Mildew inhibitor for indoor latex paint?

Discussion in 'Remodel Forum & Blog' started by chassis, Mar 14, 2012.

  1. chassis

    chassis Engineer

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    SE Pennsylvania
    Hello all,

    What is the verdict on using liquid mildew inhibitors added to interior latex paint? I need to repaint a bathroom due to mildew on the ceiling. The ceiling adjoins the attic and an outside wall. The attic is very cold in the winter, and moisture condenses on the ceiling and mildew is generated. The fan in the bathroom is used but doesn't seem to help the mildew situation.

    If I add mildew inhibitor to latex ceiling paint, will it help this situation? Are there other options? Thanks for any input.
  2. Dana

    Dana In the trades

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    The other, even better answer to the problem is to fix the heat leak, assuming you can access that point in the attic.

    A common thin-spot in insulation is at the top plate of the studwall, where they don't blow in fiber or stuff batts that might obstruct soffit ventilation. Sometimes wind-washing will move blown insulation out of those areas creating thin spots too. If you loosely cut'n'cobble sections of rigid XPS foam (pink, blue green, whatever) to at least 4" depth (R20) beween the joists directly on the top plate of the studwall,leaving a minimal 1" of vent space between the XPS and the roof deck, and use 1-part expanding foam (eg Dow Great Stuff) between the sides of the XPS and joists, then re-install the attic insulation right up against your stack, that section of ceiling will run much warmer, spending more time above the dew point of the bathroom air, with many fewer condensing hours.

    While your up there, assess the depth and condition of the attic insulation. If its less than 10" from the top of the insulation and the ceilng, an overblow of 6" of cellulose to even it up and fill in all gaps would be cost effective. (Even more is warranted if you heat with oil, propane, or electricity.)
  3. chassis

    chassis Engineer

    Messages:
    339
    Location:
    SE Pennsylvania
    Thanks Dana, very interesting response. It makes sense. I'll poke around in the attic to see what kind of access I have to add more insulation.

    Have you (or anyone else) had experience with mildew inhibitors as a paint additive? Thanks again.
  4. chassis

    chassis Engineer

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    339
    Location:
    SE Pennsylvania
    I looked in the attic and sure enough there was very little insulation in between the joists in the area with the mildew on the ceiling. I filled the empty spaces with insulation. Next step is to clean the ceiling (bleach and mildew killer/inhibitor?), then repaint the ceiling. I don't think I'll know if it worked until next winter when the attic is cold again.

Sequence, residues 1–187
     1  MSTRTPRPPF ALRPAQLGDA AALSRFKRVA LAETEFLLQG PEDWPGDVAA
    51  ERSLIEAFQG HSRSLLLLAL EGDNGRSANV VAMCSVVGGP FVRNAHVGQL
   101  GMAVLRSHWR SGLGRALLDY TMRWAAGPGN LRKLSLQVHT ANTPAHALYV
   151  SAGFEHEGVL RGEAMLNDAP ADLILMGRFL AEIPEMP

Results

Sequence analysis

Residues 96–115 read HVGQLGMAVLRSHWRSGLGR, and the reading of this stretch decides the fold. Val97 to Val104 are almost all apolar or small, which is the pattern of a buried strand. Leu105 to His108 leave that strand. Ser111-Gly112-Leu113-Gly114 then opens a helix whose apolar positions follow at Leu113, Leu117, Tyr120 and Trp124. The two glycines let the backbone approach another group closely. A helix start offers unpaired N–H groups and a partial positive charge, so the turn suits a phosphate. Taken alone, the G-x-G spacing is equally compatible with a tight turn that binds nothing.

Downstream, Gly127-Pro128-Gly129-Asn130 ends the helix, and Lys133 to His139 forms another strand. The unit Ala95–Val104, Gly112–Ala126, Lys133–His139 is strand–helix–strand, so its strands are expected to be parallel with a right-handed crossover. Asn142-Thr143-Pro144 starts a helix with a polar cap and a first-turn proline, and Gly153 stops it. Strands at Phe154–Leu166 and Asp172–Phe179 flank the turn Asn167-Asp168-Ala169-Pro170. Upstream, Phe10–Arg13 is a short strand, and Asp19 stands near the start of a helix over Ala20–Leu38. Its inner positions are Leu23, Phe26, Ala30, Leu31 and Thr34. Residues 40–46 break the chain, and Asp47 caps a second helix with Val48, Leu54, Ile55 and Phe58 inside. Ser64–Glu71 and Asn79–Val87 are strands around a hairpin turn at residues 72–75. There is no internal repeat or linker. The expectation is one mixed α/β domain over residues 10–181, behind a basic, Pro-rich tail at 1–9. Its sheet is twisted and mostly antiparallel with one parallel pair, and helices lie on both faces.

5. jadnashua

    jadnashua Retired Defense Industry Engineer xxx

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    White vinegar, hydrogen peroxide in a 50/50 solution, then boric acid at 1c/gallon will literally shread the walls of the mold cell (killing it) and slightly bleach them. spray it on. Keep any leftover tightly capped, or the hydrogen peroxide will degrade to plain water and no longer be effective.

    If there's anything left after washing with this, use some bleach to clean it off some more. You may need a blocking primer.
  6. chassis

    chassis Engineer

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    339
    Location:
    SE Pennsylvania
    jad,

    Does this solution damage other materials, such as: ceramic tile, grout, acrylic tubs, glass or plated metal (plumbing fixtures)? Would you recommend I apply it with a sponge mop, spray bottle or something else?

    Thanks.
  7. chassis

    chassis Engineer

    Messages:
    339
    Location:
    SE Pennsylvania
    Jim, that stuff works!!! I mixed up a batch of cleaning solution, per your recipe, filled an empty Windex bottle I had from my last tile project, and sprayed the solution on the ceiling and walls. I let it soak for 5 or so minutes, then wiped the mildew off with a sponge. It came off really well!

    I found the boric acid at a Rite Aid pharmacy, in the first aid section. It came in a white plastic bottle, 4 oz., with a screw cap. Most people I asked, had never heard of boric acid. I looked at Lowe's, Home Depot, WalMart and two local grocery stores, and no one had it. One 4 oz. bottle of boric acid, with the prescribed amount of vinegar and peroxide makes about 36-40 oz of solution, which is enough for one treatment of an 8' x 8' bathroom. I applied the spray liberally to the ceilings, and about 24" down the walls from the ceiling. I'm going out to get more peroxide to make a second batch, and re-apply.

    There is still some mildew (dead now?) in the pits and cracks of the ceiling and walls. I hope the second treatment will take care of it. After the second treatment I will wash the walls with TSP and then prime with something like Kilz. Then I will paint two coats of color.

    Lots of steps with this process, but I am impressed with the results. Combined with the improved insulation job I did in March, I hope this licks the mildew problem.
  8. jadnashua

    jadnashua Retired Defense Industry Engineer xxx

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    Location:
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    It's good to get some feedback...glad it worked for you. I can't claim ownership of the recipe, I picked it up on a tile forum www.johnbridge.com, but I trust the person who provided it as they have had lots of experience with it. It relies on some basic biology traits and the nice thing is that it's safe, too.

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